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Is Haskell Curry's unconventional way of defining True(x) incorrect?

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I tend to ask questions that do not have existing answers in any book. The above question is a very difficult question that has no answer in any book. It is not an opinion based question it is a question with an objective analytical answer.

Whenever I ask very difficult questions people react as if I made a mistake on the basis of their own lack of understanding.

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The reason your question attracted downvotes is already explained here on meta and in the comments:

  1. The title question has nothing to do with the body of the question

  2. The body of the question mixes a quote by Curry, something about mere points of views and something about truth and provability. The three have nothing inherently to do with each other, yet you completely fail to provide a line of thought linking them.

  3. The question about Gödel/Tarski has been repeatedly addressed, pointing out that they apply to most useful formal systems and there being no reason for changing these because truth is not as useful a category in mathematics as you may think. It basically is just one category among many, formed the same way.

  4. You claiming that the question (which one? Title or body?) had an "objective analytical answer" already shows that there is no genuine question and you will not accept anything but what agrees with your (marginal) view. This is the very opposite of objectivity.

  5. The question is not difficult at all. It is just a bad fit here for the reasons stated. That's all.

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  • I addressed your points (1) & (2) & (4) as a separate answer because a reply did not give me enough room or proper formatting. I addressed your point (3) In the same way for the same reason. Feedback on these two answers will allow me to address your point (5) more effectively. – polcott May 11 at 17:27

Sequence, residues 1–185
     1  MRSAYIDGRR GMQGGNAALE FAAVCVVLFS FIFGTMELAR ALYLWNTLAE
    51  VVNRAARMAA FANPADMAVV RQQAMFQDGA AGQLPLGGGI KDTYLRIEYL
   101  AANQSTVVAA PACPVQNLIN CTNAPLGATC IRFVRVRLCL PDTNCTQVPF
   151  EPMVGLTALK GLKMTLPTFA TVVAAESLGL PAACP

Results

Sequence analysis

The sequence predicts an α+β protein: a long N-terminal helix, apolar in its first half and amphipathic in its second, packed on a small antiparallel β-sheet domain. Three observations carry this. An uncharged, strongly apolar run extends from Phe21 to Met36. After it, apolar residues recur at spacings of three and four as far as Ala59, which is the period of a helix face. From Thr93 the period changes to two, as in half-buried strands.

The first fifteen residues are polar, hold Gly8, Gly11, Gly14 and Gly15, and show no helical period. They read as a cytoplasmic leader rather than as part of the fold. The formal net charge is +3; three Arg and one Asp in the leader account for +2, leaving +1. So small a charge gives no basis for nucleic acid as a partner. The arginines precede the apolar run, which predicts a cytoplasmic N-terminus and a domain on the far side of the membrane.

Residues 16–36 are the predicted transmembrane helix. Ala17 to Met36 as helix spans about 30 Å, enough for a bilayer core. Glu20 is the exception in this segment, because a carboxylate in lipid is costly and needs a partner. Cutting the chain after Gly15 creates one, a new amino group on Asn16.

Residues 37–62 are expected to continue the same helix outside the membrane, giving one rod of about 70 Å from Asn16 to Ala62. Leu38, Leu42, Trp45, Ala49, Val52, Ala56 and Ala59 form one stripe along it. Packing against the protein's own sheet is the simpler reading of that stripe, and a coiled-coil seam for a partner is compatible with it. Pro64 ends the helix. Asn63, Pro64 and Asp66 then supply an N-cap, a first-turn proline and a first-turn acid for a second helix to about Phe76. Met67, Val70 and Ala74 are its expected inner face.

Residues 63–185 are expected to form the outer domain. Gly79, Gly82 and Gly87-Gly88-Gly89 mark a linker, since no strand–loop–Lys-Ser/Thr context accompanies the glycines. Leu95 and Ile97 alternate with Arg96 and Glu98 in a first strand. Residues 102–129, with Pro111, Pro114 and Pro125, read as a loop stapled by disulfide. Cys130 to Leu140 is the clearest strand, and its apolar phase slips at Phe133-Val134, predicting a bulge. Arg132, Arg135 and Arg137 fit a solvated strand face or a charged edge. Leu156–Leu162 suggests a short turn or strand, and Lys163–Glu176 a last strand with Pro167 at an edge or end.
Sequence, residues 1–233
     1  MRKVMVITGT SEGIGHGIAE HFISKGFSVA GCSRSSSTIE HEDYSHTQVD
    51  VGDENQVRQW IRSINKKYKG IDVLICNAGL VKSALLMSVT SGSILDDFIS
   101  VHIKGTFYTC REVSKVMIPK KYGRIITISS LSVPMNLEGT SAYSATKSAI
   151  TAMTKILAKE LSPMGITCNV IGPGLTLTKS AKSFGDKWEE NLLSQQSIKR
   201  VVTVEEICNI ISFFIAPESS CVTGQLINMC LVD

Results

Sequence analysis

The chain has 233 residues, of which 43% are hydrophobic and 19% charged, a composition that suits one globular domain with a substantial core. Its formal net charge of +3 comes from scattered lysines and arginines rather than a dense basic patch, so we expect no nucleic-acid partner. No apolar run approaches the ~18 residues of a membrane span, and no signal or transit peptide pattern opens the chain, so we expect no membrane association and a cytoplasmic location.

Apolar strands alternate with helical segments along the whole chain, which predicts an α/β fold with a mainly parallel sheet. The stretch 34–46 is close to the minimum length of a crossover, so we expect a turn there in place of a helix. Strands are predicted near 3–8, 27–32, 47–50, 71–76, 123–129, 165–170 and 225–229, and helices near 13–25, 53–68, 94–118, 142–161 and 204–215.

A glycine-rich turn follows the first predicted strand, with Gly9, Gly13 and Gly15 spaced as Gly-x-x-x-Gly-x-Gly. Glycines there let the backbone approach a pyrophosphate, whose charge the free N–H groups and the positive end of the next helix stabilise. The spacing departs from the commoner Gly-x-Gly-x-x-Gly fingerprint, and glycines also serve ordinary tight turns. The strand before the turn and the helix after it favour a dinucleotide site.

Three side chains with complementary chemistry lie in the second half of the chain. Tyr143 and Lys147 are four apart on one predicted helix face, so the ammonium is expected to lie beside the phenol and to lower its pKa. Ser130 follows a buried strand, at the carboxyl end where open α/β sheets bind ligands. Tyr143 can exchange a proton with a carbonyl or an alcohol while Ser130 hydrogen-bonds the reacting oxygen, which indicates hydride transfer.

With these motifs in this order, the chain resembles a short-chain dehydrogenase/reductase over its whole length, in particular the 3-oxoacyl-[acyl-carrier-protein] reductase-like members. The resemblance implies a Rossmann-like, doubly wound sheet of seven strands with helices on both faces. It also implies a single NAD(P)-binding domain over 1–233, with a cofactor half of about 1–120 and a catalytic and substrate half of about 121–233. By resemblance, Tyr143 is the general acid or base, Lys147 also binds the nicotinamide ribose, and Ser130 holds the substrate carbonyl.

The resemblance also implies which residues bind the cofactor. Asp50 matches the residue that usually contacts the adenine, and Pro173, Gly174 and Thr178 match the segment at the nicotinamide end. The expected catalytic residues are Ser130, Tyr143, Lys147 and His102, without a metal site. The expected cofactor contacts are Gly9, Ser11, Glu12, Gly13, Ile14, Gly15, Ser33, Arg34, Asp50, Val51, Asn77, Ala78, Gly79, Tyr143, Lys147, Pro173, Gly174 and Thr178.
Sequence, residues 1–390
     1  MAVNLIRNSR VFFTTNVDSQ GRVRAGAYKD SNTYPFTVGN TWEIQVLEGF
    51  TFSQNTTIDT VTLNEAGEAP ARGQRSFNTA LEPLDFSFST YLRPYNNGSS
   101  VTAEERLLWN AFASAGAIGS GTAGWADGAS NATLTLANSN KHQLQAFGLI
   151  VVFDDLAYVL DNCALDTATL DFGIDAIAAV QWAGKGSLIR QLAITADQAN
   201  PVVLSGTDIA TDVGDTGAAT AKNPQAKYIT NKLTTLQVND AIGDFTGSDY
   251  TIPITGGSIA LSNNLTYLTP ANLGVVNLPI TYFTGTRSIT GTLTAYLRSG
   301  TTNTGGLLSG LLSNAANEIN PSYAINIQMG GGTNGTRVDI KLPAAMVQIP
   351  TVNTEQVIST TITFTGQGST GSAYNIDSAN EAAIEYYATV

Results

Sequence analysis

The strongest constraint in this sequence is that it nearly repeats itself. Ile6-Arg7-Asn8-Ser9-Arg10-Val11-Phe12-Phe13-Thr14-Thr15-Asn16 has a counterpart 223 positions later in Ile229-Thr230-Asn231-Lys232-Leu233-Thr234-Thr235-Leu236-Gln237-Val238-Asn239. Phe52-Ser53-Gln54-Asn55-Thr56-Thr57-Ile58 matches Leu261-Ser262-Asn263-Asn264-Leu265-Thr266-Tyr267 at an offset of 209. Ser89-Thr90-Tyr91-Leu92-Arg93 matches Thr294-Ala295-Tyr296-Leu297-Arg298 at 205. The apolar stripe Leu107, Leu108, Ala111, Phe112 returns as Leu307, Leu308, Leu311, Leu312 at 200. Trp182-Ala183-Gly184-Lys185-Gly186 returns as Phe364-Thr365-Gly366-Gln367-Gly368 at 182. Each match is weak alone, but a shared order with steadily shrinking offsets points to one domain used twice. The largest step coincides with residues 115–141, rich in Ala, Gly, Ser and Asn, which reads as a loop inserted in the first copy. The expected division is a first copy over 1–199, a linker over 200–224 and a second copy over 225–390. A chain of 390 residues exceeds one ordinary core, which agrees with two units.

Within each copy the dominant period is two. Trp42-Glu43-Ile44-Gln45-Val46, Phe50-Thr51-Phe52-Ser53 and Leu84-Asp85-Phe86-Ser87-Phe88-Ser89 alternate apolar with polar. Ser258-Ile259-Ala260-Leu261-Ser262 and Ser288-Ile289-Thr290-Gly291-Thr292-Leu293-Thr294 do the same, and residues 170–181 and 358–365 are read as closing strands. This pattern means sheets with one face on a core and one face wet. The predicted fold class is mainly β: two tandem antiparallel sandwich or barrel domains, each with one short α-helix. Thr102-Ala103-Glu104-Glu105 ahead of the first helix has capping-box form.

• "The title question has nothing to do with the body of the question." Yes it does as I carefully explained in my other answer show below. Three high ranking members including you indicated that they didn't believe such as notion as "correct" existed. – polcott May 12 at 20:46
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Reply to Philip Klöcking point (3) "truth is not as useful a category in mathematics as you may think. It basically is just one category among many, formed the same way."

The notion of truth is very important as the foundational of truth conditional semantics.

Truth-conditional semantics is an approach to semantics of natural language that sees meaning (or at least the meaning of assertions) as being the same as, or reducible to, their truth conditions. This approach to semantics is principally associated with Donald Davidson, and attempts to carry out for the semantics of natural language what Tarski's semantic theory of truth achieves for the semantics of logic.[1] https://en.wikipedia.org/wiki/Truth-conditional_semantics

My independent area of research involves the mathematics of natural language semantics based on Truth-conditional semantics, thus having a correct foundation is crucial.

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    Even if this may be your pet theory, there is nothing inherently mathematical about it and it is not warranted by Curry's quote in any sense, as the comment thread on Math.SE increasingly shows. I said it once and will say it again: The foundationalism you envision has been tried time and again and is, philosophically, a dead horse. Nuff said. – Philip Klöcking May 11 at 21:33
  • "philosophically, a dead horse" How so? What objective basis do you have for this assertion? – polcott May 11 at 21:47
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    Gettier cases, empirical validation of language and understanding being holistic, Wittgensteinian incommensurability, the fact that objects in the world are not themselves conceptually structured...as I said: Quine, Sellars, Davidson, Rorty, Putnam. Serious epistemology since the early 1960s, basically. One last reading suggestion: Limits of Realism by Tim Buttons. He even has a nice analytic part where he shows the logical structure of all arguments mentioned – Philip Klöcking May 11 at 21:50